Google to test simplified domain display in Chrome

Google Chrome users may soon see only the domain name in the web browser’s address bar instead of the full page address.

Google published several development bugs on the Chromium website that highlight the changes. The main bugs, Issue 895940 Experiment with trimming everything but the Origin for Steady State Elisions, and Issue 1090393: Implement simplified domain display in the omnibox, highlight what the experiment entails.

When enabled in the browser, Chrome will only show the domain name and not the full page URL. If you are on the page https://www.ghacks.net/2020/06/09/microsoft-windows-security-updates-june-2020-overview/, Google Chrome will only show https://www.ghacks.net/ by default.

The company plans to run the experiment on desktop and mobile versions of its web browser, and has created several new experimental flags for that.

google chrome hide full address

The reason for running the experiment, according to a developer, is that the display of the full URL makes it difficult for the average user to distinguish between legitimate and malicious sites.

We think this is an important problem area to explore because phishing and other forms of social engineering are still rampant on the web, and much research shows that browsers’ current URL display patterns aren’t effective defenses.

Note that the implementation of the experiments is ongoing and that some functionality is not yet implemented fully. I go the “on interaction” flag to work properly but could not get the main hiding flag to work in the latest Chrome Canary release.

chrome omnibox hide

Google plans to run two main experiments:

Omnibox UI Hide Steady-State URL Path, Query, and Ref — When enabled, this experiment will display only the domain name on the page unless the user clicks in the address bar (e.g. to edit the URL).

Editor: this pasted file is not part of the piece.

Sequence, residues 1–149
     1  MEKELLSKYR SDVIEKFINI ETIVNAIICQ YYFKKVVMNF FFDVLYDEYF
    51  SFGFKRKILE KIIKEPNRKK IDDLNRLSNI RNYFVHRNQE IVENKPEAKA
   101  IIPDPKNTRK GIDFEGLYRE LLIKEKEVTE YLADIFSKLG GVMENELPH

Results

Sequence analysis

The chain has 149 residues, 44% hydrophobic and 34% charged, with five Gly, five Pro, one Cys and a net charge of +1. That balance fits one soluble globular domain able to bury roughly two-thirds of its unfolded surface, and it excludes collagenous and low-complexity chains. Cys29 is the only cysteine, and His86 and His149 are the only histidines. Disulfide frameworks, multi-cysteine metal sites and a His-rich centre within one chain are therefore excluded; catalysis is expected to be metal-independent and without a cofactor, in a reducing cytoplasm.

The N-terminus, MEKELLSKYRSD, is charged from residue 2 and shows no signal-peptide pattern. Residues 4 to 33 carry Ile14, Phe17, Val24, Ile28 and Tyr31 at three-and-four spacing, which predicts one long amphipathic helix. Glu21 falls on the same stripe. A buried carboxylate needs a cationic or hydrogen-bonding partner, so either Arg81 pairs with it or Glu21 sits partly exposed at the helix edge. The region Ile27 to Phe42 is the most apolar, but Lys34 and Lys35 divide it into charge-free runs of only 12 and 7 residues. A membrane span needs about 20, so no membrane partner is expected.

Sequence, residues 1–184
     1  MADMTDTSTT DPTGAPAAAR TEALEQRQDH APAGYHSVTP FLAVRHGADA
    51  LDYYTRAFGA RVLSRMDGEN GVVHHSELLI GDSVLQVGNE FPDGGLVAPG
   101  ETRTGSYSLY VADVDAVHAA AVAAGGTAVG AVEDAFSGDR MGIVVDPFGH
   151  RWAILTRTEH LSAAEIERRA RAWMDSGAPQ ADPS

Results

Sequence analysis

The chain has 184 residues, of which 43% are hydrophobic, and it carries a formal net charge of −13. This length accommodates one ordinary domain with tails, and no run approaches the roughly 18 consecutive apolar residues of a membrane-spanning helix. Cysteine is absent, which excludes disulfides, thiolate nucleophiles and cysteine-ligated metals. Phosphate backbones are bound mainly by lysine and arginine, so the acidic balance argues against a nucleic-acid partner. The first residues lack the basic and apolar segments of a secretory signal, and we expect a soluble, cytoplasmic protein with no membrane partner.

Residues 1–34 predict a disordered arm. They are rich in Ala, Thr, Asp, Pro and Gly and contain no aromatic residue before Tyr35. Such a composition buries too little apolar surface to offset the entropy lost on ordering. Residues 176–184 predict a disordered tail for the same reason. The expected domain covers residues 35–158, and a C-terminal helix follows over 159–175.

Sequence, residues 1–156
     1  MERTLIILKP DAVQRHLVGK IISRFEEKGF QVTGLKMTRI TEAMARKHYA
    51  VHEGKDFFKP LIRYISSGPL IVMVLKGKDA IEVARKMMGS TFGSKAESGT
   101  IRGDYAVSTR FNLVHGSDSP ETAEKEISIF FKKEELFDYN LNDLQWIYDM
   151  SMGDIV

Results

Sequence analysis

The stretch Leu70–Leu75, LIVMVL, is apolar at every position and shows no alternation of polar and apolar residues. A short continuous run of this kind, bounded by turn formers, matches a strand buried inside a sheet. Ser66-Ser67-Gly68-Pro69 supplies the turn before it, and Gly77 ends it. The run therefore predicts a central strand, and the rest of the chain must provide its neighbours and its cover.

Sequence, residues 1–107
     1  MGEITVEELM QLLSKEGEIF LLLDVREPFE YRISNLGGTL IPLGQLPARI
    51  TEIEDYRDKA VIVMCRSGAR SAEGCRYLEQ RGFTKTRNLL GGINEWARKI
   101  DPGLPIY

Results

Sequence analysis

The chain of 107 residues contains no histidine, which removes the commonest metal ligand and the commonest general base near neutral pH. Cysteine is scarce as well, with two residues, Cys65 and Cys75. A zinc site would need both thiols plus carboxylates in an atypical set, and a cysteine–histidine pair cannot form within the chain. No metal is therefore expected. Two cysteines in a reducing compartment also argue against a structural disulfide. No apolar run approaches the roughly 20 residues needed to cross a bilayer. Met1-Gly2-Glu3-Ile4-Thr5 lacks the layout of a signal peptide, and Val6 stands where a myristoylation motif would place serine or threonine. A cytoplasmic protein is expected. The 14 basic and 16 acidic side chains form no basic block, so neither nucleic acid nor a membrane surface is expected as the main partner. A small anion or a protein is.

Omnibox UI Hide Steady-State URL Path, Query, and Ref On Interaction — This experiment, when enabled, hides all but the domain name in the address bar when the user interacts with the page, e.g. scrolls.

Another experiment brings back the full address when the user hovers over the address bar (only on desktop)_

Omnibox UI Reveal Steady-State URL Path, Query, and Ref On Hover — shows the full URL when the mouse cursor hovers over the address bar.

Google plans to collect and analyze data to find out if the display of just the domain name improves the fight against malicious sites. If that is the case, it may roll out the change to all Chrome users. The company notes that users will have an option to opt-out when that happens.

Closing Words

Google has been on a crusade against displaying the full URL in the company’s Chrome browser for a while. Back in 2014, it ran an experiment in Chrome that would only display the domain name of the page in a box on the left of the address bar. The company displayed a help text next to it that suggested that users could type a Google search term or an URL.

Limiting the display to the domain name might help, but so would better highlighting the root domain name to the user or educating users.

It is clear that Google is very interested in removing information from the Chrome address bar and that at least part of the interest has something to do with it being beneficial to the company as well.

Now You: What is your take on the experiment?

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June 15, 2020
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